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Carmack: Cloud Significant Part of Landscape

In a recent interview with IndustryGamers, id Software's John Carmack said that cloud gaming will eventually be a significant part of the landscape. Why? Because ultimately convenience always wins out with consumers, even if it means the overall quality is taken down a few notches. Look at how much easier it is to load up FarmVille – it doesn't require installation or a hefty set of system specs, yet has seemingly breathed new life back into PC gaming.

"Consumers have shown over and over again that convenience can often more than offset some quality issues, and there will be significant convenience wins possible there over optical media or digital downloads," he said. "I think this is inevitable, but I wouldn't really want to be placing a bet on what the adoption rate is going to be."

Until then, Carmack said the immediate future should consist of another console run, big MMOs for PCs, more movement towards digital distribution, smartphones encroaching on dedicated gaming territory, and so on. "Blockbuster games will continue to increase in development cost, but gaming should continue to have a much more vibrant "low end" than, say, the movie industry," he said.

Outside his predictions, the interview actually covered numerous personal topics such as what drew him into the gaming industry, what career he would have chosen other than what he's doing now, his proudest moment so far, and even covers his personal favorite titles. But when asked to reveal something that most people in the industry don't know about him, Carmack admitted that he had a lot of fun doing metal fabrication work for Armadillo Aerospace.

"The full time staff there has grown to the point that I'm not involved much in the metal cutting anymore, but for several years I would come in from the garage or back from the shop with lots of little metal chips stuck to my clothes, to the consternation of my wife," he said. "Taking a solid block of metal and turning it into a precision machined part and a big pile of metal chips is a thrill very different than the ethereal world of software."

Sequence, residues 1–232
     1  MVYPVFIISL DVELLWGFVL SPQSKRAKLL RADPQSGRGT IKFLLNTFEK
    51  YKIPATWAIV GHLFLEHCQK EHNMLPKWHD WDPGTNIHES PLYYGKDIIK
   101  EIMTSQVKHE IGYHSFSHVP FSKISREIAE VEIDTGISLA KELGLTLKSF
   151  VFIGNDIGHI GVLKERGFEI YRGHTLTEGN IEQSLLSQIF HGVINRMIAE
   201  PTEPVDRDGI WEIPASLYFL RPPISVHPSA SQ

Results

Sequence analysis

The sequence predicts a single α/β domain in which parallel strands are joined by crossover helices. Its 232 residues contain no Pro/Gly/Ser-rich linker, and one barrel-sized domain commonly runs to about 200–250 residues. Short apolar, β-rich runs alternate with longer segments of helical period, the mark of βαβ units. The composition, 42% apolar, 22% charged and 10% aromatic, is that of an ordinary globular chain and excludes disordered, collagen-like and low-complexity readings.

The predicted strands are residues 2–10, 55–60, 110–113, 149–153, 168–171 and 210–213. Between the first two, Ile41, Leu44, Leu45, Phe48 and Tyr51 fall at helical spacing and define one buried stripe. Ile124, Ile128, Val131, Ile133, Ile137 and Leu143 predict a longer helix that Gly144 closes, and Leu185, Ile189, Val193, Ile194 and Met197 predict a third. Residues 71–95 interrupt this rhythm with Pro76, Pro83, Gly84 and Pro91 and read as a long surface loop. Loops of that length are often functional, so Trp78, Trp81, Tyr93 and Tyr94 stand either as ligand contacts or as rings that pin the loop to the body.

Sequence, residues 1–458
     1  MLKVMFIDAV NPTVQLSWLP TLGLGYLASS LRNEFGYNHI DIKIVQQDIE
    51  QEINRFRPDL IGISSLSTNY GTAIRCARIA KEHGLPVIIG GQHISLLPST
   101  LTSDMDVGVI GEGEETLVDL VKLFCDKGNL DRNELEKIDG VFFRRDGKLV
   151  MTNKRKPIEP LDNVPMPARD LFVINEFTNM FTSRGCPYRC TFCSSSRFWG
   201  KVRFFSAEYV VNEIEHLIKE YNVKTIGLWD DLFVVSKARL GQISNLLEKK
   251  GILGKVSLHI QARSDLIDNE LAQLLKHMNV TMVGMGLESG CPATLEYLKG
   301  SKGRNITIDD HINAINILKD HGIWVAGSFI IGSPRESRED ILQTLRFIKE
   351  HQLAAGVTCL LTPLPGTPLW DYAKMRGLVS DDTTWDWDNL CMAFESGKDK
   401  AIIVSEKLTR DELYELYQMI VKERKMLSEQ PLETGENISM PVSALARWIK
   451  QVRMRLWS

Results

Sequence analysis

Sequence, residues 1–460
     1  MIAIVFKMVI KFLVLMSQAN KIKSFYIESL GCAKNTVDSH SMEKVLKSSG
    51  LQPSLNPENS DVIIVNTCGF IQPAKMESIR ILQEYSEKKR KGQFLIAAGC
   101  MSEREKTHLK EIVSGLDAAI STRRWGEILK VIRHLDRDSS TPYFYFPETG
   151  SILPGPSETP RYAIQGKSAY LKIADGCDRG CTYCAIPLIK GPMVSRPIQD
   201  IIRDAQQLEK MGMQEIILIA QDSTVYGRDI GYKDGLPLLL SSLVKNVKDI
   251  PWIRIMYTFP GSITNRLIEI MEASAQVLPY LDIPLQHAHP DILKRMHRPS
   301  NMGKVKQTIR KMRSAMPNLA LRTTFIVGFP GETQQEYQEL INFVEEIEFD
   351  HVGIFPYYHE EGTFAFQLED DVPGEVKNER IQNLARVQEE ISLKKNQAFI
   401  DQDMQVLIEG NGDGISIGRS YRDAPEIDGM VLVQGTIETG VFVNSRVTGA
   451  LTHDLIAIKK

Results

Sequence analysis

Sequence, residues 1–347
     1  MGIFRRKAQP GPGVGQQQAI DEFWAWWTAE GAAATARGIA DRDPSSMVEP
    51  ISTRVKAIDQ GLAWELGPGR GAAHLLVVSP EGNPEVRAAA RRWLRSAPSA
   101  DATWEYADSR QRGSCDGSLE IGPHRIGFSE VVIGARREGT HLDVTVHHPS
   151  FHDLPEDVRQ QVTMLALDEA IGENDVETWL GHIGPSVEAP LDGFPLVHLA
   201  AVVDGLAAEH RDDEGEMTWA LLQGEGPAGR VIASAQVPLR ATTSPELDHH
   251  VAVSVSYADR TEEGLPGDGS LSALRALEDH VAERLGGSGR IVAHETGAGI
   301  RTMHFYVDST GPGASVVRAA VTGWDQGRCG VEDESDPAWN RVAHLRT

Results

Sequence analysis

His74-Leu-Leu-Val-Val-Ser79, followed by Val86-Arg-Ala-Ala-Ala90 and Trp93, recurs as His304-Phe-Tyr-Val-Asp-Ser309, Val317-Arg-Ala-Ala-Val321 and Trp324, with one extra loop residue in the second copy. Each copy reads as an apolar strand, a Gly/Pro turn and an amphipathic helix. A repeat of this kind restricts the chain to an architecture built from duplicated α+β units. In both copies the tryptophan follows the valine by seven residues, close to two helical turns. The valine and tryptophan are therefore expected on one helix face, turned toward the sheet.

So what would Carmack be doing had he not taken residence in the gaming industry? He said he could find enjoyment in almost any engineering task.

"Graphics is fun, but so are any number of tasks in software engineering," he said. "Operating system work, compilers, network optimization, data mining, embedded system control, or any of hundreds of other things offer challenges and rewards. More physical based engineering tasks are slower paced than software engineering, but the same principles apply -- figure out how to do what you want with the tools you have available, and optimize towards some cost function of time, resources, and reliability."

And after programming classic titles like DOOM, Wolfenstein and Quake, what are some of his favorite titles? "The Mario games remain my personal favorites," he admitted, adding that he finally finished Super Mario 3 just last year.

  • house70
    Yep... he needs to go back to machining. He's just not that into PC gaming anymore.
    Reply
  • sceen311
    He's right, and it's part of the future decline of Desktops(or pc's if your those one idiots that said pc's were going away(pc's actually being defined as Personal Computers, will only see a rise for the foreseeable future(smartphones, tablets, and the like))).
    Reply
  • killerclick
    has been
    Reply
  • doorspawn
    If it's convenience that's selling these things, why not think of stripping the biggest inconvenience from most mainstream games - the DRM.

    I know nothing about farmville, but it can't be any harder to render the game from local data than to render it from online data. Just because offline games are typically lower spec'd doesn't mean that local games can't have those specs.

    As for games needing installation, it should be possible to run on a fake filesystem that downloads (and keeps) any file it needs so that you can start playing immediately while you slowly download all the content you need.

    Online profiles and servers, sure. But the cloud is offering nothing that can't be done better locally if devs care to do it.
    Reply
  • kcorp2003
    wait FarmVille brings back new life to PC gaming? WTF! i much rather for PC gaming be dead. i'll switch to console before that even happens.
    Reply
  • doorspawn
    That should have been "Just because ONline games are typically lower spec'd", sorry.
    Reply
  • flachet
    Is he on crack? They must not be putting data caps in where he is. Cloud for business might be viable, but in the home market the cloud is dead....

    All of these game company's with online games/content and all that better start rethinking their business models or start fighting like hell against the ISP's.
    Reply
  • legacy7955
    His opinion is irrelevant.

    The cloud IS dead for home use. Excessive caps prove this.

    But the marketing/consulting geniuses just keep banging their heads against the wall of reality. Only in America.
    Reply
  • _Cubase_
    With the news about everything getting hacked lately (namely, Sony) do people really think that they can continue to convince users that cloud computing is all that it's cracked up to be?
    Reply
  • memadmax
    uh, no. Cloud computing is a no go. And this guy is an idiot if he's gonna put source code for his games on the cloud...
    Reply